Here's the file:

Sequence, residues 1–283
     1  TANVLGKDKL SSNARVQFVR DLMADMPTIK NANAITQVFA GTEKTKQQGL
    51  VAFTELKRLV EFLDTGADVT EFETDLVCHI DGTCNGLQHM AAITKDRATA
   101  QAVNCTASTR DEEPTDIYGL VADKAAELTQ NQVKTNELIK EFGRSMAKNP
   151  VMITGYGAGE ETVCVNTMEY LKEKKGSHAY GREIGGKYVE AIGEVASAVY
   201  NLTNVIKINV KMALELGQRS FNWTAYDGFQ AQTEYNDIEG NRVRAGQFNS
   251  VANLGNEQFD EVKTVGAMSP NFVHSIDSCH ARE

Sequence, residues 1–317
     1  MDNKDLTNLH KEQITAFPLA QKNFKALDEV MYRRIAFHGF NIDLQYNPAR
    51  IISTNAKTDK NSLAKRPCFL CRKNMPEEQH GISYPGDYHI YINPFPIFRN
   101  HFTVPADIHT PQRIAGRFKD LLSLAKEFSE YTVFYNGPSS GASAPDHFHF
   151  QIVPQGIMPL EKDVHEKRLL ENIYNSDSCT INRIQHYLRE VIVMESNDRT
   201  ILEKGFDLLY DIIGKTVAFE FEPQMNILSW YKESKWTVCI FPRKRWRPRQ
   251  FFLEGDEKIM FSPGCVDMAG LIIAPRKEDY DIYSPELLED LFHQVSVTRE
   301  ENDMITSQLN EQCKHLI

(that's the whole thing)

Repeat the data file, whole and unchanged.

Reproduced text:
Sequence, residues 1–283
     1  TANVLGKDKL SSNARVQFVR DLMADMPTIK NANAITQVFA GTEKTKQQGL
    51  VAFTELKRLV EFLDTGADVT EFETDLVCHI DGTCNGLQHM AAITKDRATA
   101  QAVNCTASTR DEEPTDIYGL VADKAAELTQ NQVKTNELIK EFGRSMAKNP
   151  VMITGYGAGE ETVCVNTMEY LKEKKGSHAY GREIGGKYVE AIGEVASAVY
   201  NLTNVIKINV KMALELGQRS FNWTAYDGFQ AQTEYNDIEG NRVRAGQFNS
   251  VANLGNEQFD EVKTVGAMSP NFVHSIDSCH ARE

Sequence, residues 1–317
     1  MDNKDLTNLH KEQITAFPLA QKNFKALDEV MYRRIAFHGF NIDLQYNPAR
    51  IISTNAKTDK NSLAKRPCFL CRKNMPEEQH GISYPGDYHI YINPFPIFRN
   101  HFTVPADIHT PQRIAGRFKD LLSLAKEFSE YTVFYNGPSS GASAPDHFHF
   151  QIVPQGIMPL EKDVHEKRLL ENIYNSDSCT INRIQHYLRE VIVMESNDRT
   201  ILEKGFDLLY DIIGKTVAFE FEPQMNILSW YKESKWTVCI FPRKRWRPRQ
   251  FFLEGDEKIM FSPGCVDMAG LIIAPRKEDY DIYSPELLED LFHQVSVTRE
   301  ENDMITSQLN EQCKHLI